Recent riots in Byculla jail expose how prisoners are treated in India

Updated: Aug 19, 2017, 17:04 IST | Heli Shukla | Mumbai

The recent riots in the Byculla women's prison exposed more than one rot in the way prisoners are treated in India. The inmates were also venting their anger against a system that routinely ill-treats them

Illustration/Ravi Jadhav
Illustration/Ravi Jadhav

The recent riots in the Byculla women's prison exposed more than one rot in the way prisoners are treated in India. The inmates were also venting their anger against a system that routinely ill-treats them. At such a time, a discussion around the nature of prisoners' rights in India is vital. This week, mid-day breaks down prisoners' rights in a country that guarantees them, but often doesn't deliver on it.

The condition in India
According to a paper* by the Human Rights Watch, "Anyone unlucky enough to be arrested (here) faces a far greater likelihood of torture, or worse, at the hands of the police than in many countries entirely lacking in the protections for civil liberties available in India." (sic)

The victories and losses

The right way: India's first PIL filed in 1979, known as the Hussainara Khatoon case, is a landmark judgment. After hearing the case, SC issued a notice to the Bihar government, which eventually led to the release of 40,000 undertrials.

Hands off handcuffs: In the Prem Shankar Shukla v Delhi Administration case in 1980, SC ruled handcuffing was a violation of Article 21. Justice V R Krishna Iyer held, "Handcuffs or other fetters shall not be forced on the person of an undertrial ordinarily."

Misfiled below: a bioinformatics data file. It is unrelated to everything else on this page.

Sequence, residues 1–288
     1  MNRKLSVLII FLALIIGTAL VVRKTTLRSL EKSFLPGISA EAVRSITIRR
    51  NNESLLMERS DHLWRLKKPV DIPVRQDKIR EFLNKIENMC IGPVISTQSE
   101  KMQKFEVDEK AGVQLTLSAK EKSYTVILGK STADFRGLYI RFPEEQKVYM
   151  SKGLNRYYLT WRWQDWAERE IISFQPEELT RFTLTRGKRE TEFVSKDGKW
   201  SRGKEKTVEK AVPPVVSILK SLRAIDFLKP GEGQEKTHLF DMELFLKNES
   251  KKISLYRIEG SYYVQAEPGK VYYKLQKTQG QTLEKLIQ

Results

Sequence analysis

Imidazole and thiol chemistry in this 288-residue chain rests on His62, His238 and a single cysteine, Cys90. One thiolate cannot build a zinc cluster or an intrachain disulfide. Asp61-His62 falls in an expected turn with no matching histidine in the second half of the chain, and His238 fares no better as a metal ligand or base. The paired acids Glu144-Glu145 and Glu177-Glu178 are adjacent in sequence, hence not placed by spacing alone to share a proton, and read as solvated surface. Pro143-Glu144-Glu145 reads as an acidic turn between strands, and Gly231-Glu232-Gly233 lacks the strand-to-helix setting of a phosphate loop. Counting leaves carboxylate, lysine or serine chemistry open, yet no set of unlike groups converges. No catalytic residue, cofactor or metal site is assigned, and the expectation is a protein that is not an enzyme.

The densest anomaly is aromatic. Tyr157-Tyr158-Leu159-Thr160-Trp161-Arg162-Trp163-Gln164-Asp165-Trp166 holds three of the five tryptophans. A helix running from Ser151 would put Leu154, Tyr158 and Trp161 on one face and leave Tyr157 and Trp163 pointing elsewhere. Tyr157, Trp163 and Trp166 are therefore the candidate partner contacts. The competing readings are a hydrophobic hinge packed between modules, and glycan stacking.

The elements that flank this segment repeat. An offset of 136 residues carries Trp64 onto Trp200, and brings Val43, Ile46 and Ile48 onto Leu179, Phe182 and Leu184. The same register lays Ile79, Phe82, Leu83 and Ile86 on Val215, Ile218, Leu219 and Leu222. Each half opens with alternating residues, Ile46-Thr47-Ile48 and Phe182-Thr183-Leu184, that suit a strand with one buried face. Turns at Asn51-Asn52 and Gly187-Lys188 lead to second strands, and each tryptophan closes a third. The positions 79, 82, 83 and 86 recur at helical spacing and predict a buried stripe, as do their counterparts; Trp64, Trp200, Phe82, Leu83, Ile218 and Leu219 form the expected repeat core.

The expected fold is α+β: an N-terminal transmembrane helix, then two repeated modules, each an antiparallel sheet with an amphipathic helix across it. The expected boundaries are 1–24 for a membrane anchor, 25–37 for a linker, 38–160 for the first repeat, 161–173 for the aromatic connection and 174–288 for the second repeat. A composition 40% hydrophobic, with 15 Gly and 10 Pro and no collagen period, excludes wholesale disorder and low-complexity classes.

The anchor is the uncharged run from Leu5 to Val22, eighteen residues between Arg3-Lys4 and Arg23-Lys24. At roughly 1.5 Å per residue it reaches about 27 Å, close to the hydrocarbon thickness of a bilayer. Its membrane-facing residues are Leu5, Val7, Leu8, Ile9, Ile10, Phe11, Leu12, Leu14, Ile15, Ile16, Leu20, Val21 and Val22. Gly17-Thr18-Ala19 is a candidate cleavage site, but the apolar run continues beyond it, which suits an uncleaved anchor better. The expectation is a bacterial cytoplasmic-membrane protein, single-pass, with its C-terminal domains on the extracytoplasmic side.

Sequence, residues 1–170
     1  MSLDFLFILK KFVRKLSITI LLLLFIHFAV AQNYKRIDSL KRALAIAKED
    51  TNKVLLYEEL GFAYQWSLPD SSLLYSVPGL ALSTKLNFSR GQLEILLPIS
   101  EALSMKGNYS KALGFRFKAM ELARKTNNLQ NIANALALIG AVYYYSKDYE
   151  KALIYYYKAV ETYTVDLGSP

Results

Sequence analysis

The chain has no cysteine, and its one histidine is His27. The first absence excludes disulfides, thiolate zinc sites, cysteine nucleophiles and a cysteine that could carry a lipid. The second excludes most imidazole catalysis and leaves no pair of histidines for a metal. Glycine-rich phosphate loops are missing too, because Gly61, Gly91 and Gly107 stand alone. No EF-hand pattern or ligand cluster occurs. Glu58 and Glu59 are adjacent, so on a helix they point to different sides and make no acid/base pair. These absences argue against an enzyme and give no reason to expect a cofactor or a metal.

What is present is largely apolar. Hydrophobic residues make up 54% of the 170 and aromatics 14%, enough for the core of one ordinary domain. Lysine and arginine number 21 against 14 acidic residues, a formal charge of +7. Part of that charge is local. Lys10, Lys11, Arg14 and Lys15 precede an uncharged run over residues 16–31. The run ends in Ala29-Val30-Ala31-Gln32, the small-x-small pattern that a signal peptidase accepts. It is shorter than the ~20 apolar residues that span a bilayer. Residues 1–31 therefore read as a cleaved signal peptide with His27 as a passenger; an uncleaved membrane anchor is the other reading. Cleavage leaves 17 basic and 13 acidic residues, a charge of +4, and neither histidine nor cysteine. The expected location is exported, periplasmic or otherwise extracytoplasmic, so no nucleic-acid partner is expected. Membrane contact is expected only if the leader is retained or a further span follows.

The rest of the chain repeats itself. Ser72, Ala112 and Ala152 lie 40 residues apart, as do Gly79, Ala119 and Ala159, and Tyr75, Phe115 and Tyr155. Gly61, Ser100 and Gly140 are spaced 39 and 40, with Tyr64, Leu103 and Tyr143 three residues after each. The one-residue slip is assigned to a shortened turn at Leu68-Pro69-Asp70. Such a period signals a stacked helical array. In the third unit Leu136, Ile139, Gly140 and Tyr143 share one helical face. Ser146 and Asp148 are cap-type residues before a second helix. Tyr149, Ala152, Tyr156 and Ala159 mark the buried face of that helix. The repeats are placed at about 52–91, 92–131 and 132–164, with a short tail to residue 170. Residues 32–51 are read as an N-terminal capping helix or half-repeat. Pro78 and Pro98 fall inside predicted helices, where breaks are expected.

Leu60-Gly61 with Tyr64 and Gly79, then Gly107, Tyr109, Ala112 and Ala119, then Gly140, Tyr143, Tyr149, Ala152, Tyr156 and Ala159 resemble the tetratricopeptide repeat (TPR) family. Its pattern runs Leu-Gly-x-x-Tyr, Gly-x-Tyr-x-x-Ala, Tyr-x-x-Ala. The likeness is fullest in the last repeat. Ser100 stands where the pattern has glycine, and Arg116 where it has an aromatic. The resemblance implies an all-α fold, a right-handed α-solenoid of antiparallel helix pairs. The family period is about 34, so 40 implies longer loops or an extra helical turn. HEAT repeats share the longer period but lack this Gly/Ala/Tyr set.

Brutal death over ration: The most recent case is that of Byculla women's prison inmate Manjula Shetye, who was brutally assaulted and killed by jail authorities after she had an altercation with them. The case is currently under investigation.

On reforms

Shailesh Gandhi, RTI activist and former CIC chief
'Overcrowding is a significant reason for problems in prisons. The 'bail not jail' principle is also violated, and slow pace of investigation and still slower pace of judicial delivery are to be blamed. These can be easily resolved if there is sensitivity for the poor prisoners'

Wahid Shaikh, acquitted in 11/7 train blasts case
'Mental and physical torture of prisoners should be stopped. Prisoners should not be treated like animals. Although they are criminals, they are human beings. The staff in jails should be trained on how to behave and deal with the prisoners'

Abid Ahmed secretary, Al Birr Foundation
'The functionaries concerned must arrive at a solution for at least the accused in petty crimes languishing in jails due to poverty'

Meeran borwankar, DGP
'Overcrowding is the main issue that needs to be sorted out. And most hearings should be done through video-conferencing'

The most fundamental rights
Prisoners' rights are largely protected under the following Constitutional articles along with the CrPC

3.66 lakh
Total capacity of jails in India

2.82 lakh
Undertrials currently lodged in prisons

1.4k
Total no. of jails in India

67%
Prison inmates who are undertrials

Article 14
Equality before law

Article 19
Protection of certain rights regarding freedom of speech

Article 20
Protection with respect to conviction for offences

Article 21
Protection of life and personal liberty

Article 39A
Equal justice and free legal aid

29k
No. of undertrials in Maharashtra

(*Human Rights Watch: Prison Conditions in India ©1991 by Human Rights Watch)
(Source for figures: NCRB's Prison Statistics India 2015 report)

Inputs by Faisal Tandel


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